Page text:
Gilead’s rheumatoid arthritis med filgotinib, after cold shoulder from FDA, wins global-first nod in Japan
The FDA handed Gilead Sciences and its partner Galapagos a surprising no-go for blockbuster hopeful filgotinib last month. But that didn’t stop regulators in Japan from making a different decision on the rheumatoid arthritis drug.
The country’s Ministry of Health, Labour and Welfare approved filgotinib, to be sold under the brand name Jyseleca, to treat rheumatoid arthritis in patients who haven’t responded well to conventional therapies, Gilead and its local distribution partner Eisai said Friday.
The Japanese green light was based on results from the Darwin phase 2 and Finch phase 3 trials—the same tests that led to the FDA’s complete response letter.
The U.S. agency raised concerns about sperm toxicity, especially for the higher, 200-mg dose. The CRL requested data from two ongoing trials, Manta and Manta-Ray, that are focused on assessing the 200-mg dose’s effect on sperm but won’t read out until 2021. The Japan go-ahead covers the 200 mg and 100 mg tablets.
Jyseleca is the centerpiece of Gilead’s initial Galapagos collaboration and a key part of its plan to branch out beyond antiviral drugs. But industry watchers have been split about the drug’s potential.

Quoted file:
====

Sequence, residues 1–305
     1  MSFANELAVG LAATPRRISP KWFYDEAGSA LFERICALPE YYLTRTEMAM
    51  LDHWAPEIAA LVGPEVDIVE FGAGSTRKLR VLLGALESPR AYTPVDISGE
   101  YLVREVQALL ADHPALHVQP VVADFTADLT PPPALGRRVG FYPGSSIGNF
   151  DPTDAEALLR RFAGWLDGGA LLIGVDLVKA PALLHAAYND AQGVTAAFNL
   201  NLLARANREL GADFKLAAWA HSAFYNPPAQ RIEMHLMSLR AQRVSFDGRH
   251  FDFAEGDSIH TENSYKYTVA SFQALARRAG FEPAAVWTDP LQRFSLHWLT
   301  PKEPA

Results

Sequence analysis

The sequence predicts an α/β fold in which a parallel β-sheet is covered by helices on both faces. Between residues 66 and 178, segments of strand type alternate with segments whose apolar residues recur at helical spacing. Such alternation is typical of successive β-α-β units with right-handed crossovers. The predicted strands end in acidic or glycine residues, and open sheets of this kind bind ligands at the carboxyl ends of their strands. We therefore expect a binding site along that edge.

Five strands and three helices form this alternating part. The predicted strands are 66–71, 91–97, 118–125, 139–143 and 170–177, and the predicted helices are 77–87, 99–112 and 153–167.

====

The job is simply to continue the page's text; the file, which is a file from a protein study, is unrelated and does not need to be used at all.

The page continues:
Bulls have pegged the drug as a blockbuster, siding with Gilead management in pointing out some competitor drugs’ heart-related side effects, which Jyseleca hasn’t shown. But as Wolfe Research analyst Tim Anderson wrote in an August note after the FDA snub, the drug could struggle commercially, “if only because it’s a late entrant into a crowded category, dominated by deep-pocketed Big Pharma companies who know the immunology and inflammation space much better than Gilead does.”
One key player is AbbVie, which made huge waves in the rheumatoid arthritis market with Humira. In fact, it was AbbVie that years ago surprised pharma watchers by dropping its opt-in for the drug now known as Jyseleca. But aside from Pfizer’s stalwart Xeljanz, the Gilead drug’s true rival is AbbVie’s newly approved JAK inhibitor Rinvoq.
“With Rinvoq already off to a robust start in RA, we think this development has to make AbbVie’s commercial efforts that much easier,” Piper Sandler analysts wrote in a recent note, referring to Jyseleca’s FDA setback.